The Taoiseach has spoken to Sinn Féin leader Gerry Adams and Democratic Unionist Party leader Arlene Foster and said both parties are willing to consider a meeting to discuss the crisis that has brought Northern Ireland to the brink of elections.
Speaking to RTÉ News, Enda Kenny said he had also spoken to former deputy first minister Martin McGuinness who had told him he intended to attend any meeting that might take place.
Mr Kenny said the situation was serious but that if people were talking anything was possible.
He said a bilateral meeting between the DUP and Sinn Féin would be a hugely important step.
Earlier today, Mr Adams said there is "no evidence that an election can be averted" in Northern Ireland.
Speaking in Dublin, Mr Adams said he based his thinking on talks with Secretary of State for Northern Ireland James Brokenshire yesterday, and with Ms Foster on Monday.
In a downbeat assessment, he declared: "It's our certain view that the election has to go ahead."
However, he added: "If something does emerge, then that's another matter."
This evening Mr Adams called on the government "to engage positively in an ongoing and consistently strategic way with the British government to ensure the full implementation of the (Good Friday) Agreement".
British Prime Minister Theresa May earlier said that Northern Ireland would continue to have a say in Britain's preparations for leaving the European Union, despite the likelihood of fresh Stormont elections.
Mr McGuinness resigned as Northern Ireland's deputy first minister on Monday, effectively collapsing its devolved government and risking political paralysis as Britain plans its exit from the EU.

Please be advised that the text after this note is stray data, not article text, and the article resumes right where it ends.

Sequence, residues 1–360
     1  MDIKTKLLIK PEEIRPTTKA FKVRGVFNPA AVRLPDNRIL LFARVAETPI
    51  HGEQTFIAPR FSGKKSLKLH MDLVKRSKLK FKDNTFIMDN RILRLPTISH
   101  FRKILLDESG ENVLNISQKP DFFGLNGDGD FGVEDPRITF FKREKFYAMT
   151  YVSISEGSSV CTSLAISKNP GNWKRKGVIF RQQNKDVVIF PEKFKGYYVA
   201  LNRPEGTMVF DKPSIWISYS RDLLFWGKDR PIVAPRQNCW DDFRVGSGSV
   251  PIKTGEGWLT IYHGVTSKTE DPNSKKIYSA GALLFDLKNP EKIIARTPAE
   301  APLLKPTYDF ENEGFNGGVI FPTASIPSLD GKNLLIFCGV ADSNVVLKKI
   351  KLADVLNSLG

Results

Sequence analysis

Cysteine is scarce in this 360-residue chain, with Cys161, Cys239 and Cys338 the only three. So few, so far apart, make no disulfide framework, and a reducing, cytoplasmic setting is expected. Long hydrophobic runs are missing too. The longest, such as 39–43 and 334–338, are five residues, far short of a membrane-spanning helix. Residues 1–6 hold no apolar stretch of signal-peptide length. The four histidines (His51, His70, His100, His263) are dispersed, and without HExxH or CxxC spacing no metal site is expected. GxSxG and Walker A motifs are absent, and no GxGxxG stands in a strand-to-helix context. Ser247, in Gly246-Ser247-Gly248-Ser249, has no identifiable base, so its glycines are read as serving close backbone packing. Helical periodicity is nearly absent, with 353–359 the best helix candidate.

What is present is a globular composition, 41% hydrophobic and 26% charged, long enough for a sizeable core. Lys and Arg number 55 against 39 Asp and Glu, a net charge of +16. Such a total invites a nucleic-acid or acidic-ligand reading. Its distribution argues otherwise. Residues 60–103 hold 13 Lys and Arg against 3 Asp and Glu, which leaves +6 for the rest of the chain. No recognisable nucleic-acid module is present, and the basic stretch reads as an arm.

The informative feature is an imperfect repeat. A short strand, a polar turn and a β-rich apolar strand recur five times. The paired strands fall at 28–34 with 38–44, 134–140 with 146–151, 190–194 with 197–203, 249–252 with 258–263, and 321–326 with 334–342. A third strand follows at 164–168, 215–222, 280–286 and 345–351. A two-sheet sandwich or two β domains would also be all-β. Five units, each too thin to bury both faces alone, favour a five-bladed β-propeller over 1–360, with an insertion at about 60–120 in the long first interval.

At her first Prime Minister's Questions of 2017, Ms May said it is still the case that ministers are in place, adding that "obviously there are executives in place, that we are still able to take the views of Northern Ireland people".
Yesterday evening, Ms May and Mr Kenny discussed the crisis on the phone.
They pledged to work together to find a way through the political storm that has threatened devolution.
Mr Brokenshire has met representatives of Sinn Féin as part of a series of meetings to try to save the Stormont Executive.
Sinn Féin health minister Michelle O'Neill afterwards said her party is not interested in last-ditch negotiations with the DUP to save the coalition government and avert a snap election.
Ms Foster has indicated she would be open to talks with her former partners in government.
After meeting Mr Brokenshire at Stormont House in Belfast, Ms O'Neill said: "We made very clear to James Brokenshire in terms of what we believe needs to happen and what needs to happen next is an election.
"We are not interested in trying to get into negotiations now - what we need is fundamental change. We believe the public need to have their say."
The UK government needs to press ahead and call the poll, the Sinn Féin minister added.
Minister for Foreign Affairs Charlie Flanagan has said he will travel to Belfast tomorrow for talks on the Assembly crisis, but feels that an election is "likely".